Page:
Gene transfer of glial cell line-derived neurotrophic factor promotes functional recovery following spinal cord contusion

Ming Hong Tai, Henrich Cheng, Jen Pey Wu, Yuh Ling Liu, Pei Ru Lin, Jon Son Kuo, Ching Jiunn Tseng, Shun Fen Tzeng

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57 Citations (Scopus)


Neuronal cell death and the failure of axonal regeneration cause a permanent functional deficit following spinal cord injury (SCI). Administration of recombinant glial cell line-derived neurotrophic factor (GDNF) has previously been reported to rescue neurons following severe SCI, resulting in improved hindlimb locomotion in rats. In this study, thus, GDNF gene therapy using an adenoviral vector (rAd-GDNF) was examined in rats following SCI induced by dropping the NYU weight-drop impactor from a height of 25 mm onto spinal segment T9-T10. To evaluate the efficacy of intraspinal injection of recombinant adenovirus into the injured spinal cord, we observed green fluorescent protein (GFP) gene transfer in the contused spinal cord. GFP was effectively expressed in the injured spinal cord, and the most prominently transduced cells were astrocytes. The expression of GDNF was detected only in rats receiving rAd-GDNF, not the controls, and remained detectable around the injured site for at least 8 days. Open-field locomotion analysis revealed that rats receiving rAd-GDNF exhibited improved locomotor function and hindlimb weight support compared to the control groups. Immunohistochemical examination for the neuronal marker, calcitonin gene-related peptide (CGRP), showed an increase in CGRP+ neuronal fibers in the injured spinal cord in rats receiving rAd-GDNF treatment. Collectively, the results suggest that adenoviral gene transfer of GDNF can preserve neuronal fibers and promote hindlimb locomotor recovery from spinal cord contusion. This research should provide information for developing a clinical strategy for GDNF gene therapy.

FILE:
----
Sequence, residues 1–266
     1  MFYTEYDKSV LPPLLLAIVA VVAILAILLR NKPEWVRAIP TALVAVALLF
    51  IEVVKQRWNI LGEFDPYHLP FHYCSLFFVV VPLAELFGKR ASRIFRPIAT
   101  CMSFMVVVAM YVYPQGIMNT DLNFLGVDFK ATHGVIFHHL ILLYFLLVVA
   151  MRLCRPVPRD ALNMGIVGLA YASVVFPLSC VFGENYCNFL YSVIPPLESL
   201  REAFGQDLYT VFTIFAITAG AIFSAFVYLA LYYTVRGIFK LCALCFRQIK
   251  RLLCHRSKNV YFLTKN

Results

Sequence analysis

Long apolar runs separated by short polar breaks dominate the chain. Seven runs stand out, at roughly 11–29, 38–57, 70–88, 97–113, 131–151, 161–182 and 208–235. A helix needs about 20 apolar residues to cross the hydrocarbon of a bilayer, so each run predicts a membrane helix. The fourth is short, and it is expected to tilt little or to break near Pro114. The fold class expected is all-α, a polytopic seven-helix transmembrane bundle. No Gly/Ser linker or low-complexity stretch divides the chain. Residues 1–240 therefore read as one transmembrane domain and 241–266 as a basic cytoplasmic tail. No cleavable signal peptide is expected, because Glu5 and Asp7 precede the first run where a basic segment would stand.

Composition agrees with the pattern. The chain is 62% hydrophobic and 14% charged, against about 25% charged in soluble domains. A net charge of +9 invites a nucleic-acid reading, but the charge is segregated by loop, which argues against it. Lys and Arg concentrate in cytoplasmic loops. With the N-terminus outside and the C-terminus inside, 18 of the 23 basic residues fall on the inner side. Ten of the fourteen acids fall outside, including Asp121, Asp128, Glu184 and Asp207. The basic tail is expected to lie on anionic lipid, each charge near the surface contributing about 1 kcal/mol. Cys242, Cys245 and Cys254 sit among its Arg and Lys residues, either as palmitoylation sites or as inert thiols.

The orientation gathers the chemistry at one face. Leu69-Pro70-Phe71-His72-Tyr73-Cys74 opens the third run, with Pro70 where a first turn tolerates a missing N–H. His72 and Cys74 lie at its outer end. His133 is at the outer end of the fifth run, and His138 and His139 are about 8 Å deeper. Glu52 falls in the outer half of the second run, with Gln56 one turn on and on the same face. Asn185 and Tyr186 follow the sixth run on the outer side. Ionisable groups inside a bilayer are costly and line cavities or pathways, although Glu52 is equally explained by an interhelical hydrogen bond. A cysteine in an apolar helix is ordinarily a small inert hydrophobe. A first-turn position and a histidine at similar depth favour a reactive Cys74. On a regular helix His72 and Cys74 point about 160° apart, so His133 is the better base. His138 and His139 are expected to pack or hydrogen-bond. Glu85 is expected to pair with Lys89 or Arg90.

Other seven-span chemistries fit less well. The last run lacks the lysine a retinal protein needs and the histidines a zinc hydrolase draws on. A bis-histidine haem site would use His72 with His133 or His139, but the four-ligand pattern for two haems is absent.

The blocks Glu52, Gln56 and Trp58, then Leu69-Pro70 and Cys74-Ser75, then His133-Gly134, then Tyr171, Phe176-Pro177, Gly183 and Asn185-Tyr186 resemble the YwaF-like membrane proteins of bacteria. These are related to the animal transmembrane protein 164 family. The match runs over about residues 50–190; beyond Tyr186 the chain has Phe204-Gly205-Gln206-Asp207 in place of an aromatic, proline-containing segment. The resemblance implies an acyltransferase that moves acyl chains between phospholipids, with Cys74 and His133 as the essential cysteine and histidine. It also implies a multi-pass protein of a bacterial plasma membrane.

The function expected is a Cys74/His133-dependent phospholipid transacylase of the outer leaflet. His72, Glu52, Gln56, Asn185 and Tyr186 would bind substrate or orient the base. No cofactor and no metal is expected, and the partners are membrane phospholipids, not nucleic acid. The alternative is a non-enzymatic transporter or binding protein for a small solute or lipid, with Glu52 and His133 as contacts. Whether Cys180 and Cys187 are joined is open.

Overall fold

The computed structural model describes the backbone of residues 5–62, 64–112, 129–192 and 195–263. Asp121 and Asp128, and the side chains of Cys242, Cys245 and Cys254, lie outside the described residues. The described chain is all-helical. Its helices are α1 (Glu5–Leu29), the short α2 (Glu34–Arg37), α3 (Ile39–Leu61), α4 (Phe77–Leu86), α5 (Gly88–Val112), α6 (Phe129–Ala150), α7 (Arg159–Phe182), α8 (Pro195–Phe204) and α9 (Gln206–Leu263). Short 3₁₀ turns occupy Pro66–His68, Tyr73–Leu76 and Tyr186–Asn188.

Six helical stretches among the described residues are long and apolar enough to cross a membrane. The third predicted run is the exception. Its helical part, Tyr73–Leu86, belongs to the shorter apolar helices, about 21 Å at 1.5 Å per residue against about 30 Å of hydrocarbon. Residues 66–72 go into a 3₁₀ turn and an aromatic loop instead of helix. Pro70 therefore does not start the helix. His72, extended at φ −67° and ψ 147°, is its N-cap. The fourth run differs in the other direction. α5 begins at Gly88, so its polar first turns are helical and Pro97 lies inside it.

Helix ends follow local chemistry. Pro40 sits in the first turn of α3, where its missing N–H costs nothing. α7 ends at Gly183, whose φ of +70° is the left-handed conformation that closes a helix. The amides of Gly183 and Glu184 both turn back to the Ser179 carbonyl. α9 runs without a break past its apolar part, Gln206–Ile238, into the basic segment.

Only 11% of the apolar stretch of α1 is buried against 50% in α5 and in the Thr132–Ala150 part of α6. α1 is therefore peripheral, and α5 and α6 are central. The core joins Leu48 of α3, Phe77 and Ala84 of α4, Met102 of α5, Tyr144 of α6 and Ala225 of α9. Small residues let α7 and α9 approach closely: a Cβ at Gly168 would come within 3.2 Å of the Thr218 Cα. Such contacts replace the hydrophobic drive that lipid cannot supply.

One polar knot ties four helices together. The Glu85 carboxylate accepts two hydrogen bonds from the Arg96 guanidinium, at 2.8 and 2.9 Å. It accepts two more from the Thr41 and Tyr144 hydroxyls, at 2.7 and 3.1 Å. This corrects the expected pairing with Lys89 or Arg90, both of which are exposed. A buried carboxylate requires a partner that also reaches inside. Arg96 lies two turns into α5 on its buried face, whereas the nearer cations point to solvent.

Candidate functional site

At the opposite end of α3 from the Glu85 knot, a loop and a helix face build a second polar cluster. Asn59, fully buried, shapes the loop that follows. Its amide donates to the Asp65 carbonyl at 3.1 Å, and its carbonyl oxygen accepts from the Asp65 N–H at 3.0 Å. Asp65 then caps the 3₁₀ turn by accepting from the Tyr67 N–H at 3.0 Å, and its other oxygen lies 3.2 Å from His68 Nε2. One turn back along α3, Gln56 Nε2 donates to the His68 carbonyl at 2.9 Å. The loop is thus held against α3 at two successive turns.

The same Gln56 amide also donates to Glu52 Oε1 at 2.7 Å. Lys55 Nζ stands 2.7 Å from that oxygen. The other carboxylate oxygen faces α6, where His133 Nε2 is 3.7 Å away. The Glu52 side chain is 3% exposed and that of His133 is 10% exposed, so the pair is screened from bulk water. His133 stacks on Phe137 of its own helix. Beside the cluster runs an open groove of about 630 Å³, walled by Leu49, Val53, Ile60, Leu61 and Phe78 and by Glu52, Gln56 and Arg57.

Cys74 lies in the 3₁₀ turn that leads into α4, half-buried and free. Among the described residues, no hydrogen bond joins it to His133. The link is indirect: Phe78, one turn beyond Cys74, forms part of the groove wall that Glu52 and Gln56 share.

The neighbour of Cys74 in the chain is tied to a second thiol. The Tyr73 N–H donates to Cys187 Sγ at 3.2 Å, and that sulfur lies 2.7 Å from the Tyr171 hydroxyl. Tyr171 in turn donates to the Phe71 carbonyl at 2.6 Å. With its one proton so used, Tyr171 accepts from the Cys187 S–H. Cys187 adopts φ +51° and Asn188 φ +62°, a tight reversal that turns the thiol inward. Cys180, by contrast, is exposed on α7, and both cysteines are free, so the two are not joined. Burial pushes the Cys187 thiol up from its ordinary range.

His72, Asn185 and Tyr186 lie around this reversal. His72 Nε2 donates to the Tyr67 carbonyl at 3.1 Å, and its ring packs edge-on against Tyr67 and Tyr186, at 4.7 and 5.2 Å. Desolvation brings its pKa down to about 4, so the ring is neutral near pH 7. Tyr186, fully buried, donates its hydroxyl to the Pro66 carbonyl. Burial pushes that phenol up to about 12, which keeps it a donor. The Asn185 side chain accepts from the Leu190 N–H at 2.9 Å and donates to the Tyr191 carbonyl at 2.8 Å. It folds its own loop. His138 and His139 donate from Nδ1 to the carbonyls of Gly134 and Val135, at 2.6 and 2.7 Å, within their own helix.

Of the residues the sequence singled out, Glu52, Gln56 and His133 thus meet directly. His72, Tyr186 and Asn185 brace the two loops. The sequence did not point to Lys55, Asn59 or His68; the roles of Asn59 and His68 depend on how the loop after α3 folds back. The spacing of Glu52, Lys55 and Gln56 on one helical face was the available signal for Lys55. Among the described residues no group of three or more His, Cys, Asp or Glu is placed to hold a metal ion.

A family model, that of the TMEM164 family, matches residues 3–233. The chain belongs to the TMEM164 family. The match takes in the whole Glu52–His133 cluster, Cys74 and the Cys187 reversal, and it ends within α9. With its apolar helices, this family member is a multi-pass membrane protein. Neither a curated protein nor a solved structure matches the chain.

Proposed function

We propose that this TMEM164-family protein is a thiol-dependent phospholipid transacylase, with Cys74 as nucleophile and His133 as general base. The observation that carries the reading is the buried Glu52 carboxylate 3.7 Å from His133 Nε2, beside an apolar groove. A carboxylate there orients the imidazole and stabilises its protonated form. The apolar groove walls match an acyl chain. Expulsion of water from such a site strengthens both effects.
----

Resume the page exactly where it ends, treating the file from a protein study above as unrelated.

Original languageEnglish
Pages (from-to)508-515
Number of pages8
JournalExperimental Neurology
Issue number2
Publication statusPublished - 2003 Oct 1

All Science Journal Classification (ASJC) codes

  • Neurology
  • Developmental Neuroscience


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